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Methodological pitfalls of the Unconscious Thought paradigm


  • Laurent Waroquier
  • David Marchiori
  • Olivier Klein
  • Axel Cleeremans


According to Unconscious Thought Theory (UTT: Dijksterhuis \& Nordgren, 2006), complex decisions are best made after a period of distraction assumed to elicit ``unconscious thought''. Over three studies, respectively offering a conceptual, an identical and a methodologically improved replication of Dijksterhuis et al.\ (2006), we reassessed UTT's predictions and dissected the decision task used to demonstrate these predictions. We failed to find any evidence for the benefits of unconscious decision-making. By contrast, we found some evidence that conscious deliberation can lead to better decisions. Further, we identified methodological weaknesses in the UTT decision task: (a) attributes weighting was neglected although attributes were seen as different in importance; (b) the material was not properly counterbalanced; and (c) there was some confusion in the experimental instructions. We propose methodological improvements that address these concerns.

Suggested Citation

  • Laurent Waroquier & David Marchiori & Olivier Klein & Axel Cleeremans, 2009. "Methodological pitfalls of the Unconscious Thought paradigm," Judgment and Decision Making, Society for Judgment and Decision Making, vol. 4(7), pages 601-610, December.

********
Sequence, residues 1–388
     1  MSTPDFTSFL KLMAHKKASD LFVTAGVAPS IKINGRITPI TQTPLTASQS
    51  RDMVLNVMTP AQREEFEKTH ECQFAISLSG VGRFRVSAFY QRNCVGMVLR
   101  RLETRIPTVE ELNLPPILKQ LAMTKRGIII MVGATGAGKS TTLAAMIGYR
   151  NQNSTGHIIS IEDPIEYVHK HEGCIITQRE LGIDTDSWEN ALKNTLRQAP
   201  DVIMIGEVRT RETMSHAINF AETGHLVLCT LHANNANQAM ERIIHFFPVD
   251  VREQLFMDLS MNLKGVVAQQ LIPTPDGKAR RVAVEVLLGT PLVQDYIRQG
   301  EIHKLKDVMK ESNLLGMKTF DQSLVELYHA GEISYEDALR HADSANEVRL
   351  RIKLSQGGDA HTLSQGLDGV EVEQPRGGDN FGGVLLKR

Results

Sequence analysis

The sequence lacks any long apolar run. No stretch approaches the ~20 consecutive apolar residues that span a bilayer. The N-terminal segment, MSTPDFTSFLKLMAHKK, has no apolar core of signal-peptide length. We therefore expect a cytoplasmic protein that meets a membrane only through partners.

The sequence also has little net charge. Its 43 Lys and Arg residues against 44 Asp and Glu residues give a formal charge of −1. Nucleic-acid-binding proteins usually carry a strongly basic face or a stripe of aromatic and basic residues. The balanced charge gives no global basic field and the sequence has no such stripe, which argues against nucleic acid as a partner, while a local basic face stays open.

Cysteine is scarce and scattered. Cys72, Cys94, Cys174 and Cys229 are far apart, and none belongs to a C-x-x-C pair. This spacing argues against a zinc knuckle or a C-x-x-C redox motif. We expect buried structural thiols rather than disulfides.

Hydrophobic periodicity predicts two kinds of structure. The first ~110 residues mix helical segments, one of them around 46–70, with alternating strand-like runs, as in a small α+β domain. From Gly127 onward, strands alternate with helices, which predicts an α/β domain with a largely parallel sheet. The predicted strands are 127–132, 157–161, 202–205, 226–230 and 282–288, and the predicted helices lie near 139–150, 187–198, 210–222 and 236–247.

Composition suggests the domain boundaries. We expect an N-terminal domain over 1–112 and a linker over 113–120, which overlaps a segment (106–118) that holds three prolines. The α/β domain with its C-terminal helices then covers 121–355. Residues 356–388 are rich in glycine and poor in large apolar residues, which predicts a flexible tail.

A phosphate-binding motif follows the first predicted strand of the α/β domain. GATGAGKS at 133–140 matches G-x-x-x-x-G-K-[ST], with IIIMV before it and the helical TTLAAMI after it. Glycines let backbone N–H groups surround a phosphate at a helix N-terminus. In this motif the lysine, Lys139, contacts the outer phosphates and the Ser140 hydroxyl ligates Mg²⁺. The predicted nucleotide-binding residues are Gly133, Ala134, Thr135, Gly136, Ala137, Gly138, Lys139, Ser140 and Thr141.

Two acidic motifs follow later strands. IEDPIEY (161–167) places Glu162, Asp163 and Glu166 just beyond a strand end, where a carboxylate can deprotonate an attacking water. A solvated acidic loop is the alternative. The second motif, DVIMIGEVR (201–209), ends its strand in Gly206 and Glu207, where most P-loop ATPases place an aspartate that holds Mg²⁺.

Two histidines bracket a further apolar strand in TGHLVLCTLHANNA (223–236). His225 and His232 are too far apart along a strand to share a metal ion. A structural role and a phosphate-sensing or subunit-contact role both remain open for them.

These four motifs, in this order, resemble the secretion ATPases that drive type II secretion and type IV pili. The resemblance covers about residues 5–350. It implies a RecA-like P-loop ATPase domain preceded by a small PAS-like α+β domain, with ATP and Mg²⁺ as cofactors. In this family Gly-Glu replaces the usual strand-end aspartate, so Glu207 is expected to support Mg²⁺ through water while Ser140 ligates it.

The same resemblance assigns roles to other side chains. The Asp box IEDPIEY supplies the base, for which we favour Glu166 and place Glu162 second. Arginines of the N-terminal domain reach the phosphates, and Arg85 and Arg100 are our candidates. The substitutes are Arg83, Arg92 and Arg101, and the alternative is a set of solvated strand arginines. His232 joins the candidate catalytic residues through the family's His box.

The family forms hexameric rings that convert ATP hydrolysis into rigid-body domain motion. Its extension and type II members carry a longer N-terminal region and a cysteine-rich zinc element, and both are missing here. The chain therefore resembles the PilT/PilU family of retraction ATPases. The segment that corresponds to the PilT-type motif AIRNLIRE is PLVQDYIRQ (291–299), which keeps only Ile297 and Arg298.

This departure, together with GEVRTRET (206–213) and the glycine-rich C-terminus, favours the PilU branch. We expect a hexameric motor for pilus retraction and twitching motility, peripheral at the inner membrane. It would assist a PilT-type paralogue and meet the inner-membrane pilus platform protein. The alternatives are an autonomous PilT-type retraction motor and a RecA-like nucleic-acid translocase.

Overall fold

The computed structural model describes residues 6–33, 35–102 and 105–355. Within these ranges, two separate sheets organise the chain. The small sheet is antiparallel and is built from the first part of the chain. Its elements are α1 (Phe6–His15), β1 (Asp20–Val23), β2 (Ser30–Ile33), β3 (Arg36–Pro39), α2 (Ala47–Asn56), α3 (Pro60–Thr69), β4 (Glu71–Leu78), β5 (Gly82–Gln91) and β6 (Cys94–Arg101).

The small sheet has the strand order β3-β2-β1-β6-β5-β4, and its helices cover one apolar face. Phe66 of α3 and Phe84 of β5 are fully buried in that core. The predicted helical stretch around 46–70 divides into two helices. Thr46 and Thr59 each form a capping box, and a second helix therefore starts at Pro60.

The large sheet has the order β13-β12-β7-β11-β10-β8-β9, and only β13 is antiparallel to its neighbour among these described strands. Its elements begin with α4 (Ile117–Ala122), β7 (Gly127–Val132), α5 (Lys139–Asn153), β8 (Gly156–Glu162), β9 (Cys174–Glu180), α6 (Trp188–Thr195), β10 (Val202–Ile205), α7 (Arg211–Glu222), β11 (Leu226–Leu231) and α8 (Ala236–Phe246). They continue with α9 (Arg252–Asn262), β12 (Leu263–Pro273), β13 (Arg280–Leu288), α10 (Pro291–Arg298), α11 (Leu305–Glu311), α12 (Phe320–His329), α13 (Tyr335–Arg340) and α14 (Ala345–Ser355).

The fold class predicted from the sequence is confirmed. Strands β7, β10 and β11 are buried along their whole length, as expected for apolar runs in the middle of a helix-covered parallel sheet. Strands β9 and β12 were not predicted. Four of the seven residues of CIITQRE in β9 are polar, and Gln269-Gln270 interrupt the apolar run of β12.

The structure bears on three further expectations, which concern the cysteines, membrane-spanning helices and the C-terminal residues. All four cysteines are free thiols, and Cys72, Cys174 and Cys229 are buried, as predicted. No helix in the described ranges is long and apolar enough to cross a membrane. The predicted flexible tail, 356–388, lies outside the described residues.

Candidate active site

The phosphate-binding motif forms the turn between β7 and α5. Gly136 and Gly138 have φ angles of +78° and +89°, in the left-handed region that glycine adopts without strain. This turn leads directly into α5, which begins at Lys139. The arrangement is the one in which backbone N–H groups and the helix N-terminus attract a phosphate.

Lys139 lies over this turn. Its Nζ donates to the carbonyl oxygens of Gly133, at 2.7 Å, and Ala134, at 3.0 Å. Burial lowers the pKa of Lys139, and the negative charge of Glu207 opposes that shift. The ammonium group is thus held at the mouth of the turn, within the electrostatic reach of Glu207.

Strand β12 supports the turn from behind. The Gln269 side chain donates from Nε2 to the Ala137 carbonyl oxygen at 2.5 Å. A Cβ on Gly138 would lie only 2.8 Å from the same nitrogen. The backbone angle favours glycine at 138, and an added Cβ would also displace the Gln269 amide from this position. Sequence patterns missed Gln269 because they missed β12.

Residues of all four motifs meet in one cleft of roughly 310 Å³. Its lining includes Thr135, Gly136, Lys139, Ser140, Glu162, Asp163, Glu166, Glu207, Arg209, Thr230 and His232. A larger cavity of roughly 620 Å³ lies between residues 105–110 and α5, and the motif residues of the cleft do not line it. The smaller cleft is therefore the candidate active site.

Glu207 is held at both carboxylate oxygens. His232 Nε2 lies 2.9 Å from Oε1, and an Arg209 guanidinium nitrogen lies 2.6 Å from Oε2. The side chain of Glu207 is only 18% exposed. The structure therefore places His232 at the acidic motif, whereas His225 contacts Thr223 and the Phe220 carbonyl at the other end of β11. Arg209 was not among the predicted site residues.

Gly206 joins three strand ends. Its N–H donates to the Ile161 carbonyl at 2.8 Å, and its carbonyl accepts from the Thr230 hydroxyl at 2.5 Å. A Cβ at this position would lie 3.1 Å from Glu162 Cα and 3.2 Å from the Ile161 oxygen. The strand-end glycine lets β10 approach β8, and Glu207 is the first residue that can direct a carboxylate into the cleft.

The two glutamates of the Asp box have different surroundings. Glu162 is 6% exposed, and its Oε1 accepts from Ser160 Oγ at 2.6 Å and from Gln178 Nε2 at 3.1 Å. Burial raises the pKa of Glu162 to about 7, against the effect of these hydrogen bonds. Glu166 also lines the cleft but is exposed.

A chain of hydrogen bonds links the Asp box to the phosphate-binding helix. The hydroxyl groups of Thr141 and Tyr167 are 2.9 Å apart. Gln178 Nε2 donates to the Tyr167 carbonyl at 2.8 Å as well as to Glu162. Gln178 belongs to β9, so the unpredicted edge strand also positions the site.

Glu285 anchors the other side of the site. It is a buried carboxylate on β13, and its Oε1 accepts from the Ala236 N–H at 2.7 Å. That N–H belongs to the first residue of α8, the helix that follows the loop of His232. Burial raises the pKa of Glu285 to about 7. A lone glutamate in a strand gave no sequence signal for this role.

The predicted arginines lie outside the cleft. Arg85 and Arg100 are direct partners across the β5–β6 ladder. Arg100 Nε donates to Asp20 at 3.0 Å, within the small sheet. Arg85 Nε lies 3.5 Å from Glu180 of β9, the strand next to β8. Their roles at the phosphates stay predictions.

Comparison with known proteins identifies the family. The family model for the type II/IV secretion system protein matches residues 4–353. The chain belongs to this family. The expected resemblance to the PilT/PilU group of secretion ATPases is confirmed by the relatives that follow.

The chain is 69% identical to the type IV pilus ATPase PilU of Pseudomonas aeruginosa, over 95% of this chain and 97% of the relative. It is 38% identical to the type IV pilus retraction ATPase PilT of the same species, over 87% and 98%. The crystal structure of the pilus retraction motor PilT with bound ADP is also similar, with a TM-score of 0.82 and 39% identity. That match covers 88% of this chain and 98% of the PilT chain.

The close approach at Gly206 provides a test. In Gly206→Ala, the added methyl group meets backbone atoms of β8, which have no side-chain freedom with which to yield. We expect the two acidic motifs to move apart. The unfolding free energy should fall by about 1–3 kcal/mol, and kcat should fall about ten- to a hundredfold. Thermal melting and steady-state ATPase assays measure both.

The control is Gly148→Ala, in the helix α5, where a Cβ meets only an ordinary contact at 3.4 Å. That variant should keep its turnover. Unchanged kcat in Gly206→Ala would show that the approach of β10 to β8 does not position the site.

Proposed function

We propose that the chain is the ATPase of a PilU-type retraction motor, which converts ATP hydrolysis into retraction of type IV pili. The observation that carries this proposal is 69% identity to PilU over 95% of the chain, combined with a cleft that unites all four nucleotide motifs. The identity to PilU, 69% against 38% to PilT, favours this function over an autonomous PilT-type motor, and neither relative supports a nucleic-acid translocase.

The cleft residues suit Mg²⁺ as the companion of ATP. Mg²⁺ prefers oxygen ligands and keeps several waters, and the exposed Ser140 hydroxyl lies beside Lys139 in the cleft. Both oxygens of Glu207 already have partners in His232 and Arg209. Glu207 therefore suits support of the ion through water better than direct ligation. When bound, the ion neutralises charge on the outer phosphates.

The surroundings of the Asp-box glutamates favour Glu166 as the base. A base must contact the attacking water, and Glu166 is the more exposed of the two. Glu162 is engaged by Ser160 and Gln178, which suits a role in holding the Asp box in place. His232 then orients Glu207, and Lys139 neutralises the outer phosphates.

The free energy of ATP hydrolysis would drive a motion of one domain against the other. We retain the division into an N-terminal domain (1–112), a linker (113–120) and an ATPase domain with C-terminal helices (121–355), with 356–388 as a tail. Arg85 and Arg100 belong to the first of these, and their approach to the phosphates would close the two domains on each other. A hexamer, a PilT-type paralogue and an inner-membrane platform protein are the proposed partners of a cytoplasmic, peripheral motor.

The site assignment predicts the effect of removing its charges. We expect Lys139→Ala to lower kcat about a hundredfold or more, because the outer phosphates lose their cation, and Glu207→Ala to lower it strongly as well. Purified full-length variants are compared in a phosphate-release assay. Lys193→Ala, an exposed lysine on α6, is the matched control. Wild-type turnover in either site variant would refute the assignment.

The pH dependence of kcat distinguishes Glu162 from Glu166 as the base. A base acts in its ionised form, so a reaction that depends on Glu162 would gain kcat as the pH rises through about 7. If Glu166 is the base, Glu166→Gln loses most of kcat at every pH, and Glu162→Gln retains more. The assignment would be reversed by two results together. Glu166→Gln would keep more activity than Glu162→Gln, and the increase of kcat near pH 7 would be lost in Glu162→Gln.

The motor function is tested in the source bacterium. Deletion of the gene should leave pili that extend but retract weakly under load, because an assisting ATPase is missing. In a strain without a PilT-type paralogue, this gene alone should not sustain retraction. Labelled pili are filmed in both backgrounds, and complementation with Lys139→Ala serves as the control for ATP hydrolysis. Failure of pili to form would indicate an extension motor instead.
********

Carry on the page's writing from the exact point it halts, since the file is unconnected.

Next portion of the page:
• Handle: RePEc:jdm:journl:v:4:y:2009:i:7:p:601-610

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    References listed on IDEAS

    1. Davy Lerouge, 2009. "Evaluating the Benefits of Distraction on Product Evaluations: The Mind-Set Effect," Journal of Consumer Research, Oxford University Press, vol. 36(3), pages 367-379.
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    Cited by:

    1. Huizenga, Hilde M. & Wetzels, Ruud & van Ravenzwaaij, Don & Wagenmakers, Eric-Jan, 2012. "Four empirical tests of Unconscious Thought Theory," Organizational Behavior and Human Decision Processes, Elsevier, vol. 117(2), pages 332-340.
    2. Mark Nieuwenstein & Hedderik van Rijn, 2012. "The unconscious thought advantage: Further replication failures from a search for confirmatory evidence," Judgment and Decision Making, Society for Judgment and Decision Making, vol. 7(6), pages 779-798, November.


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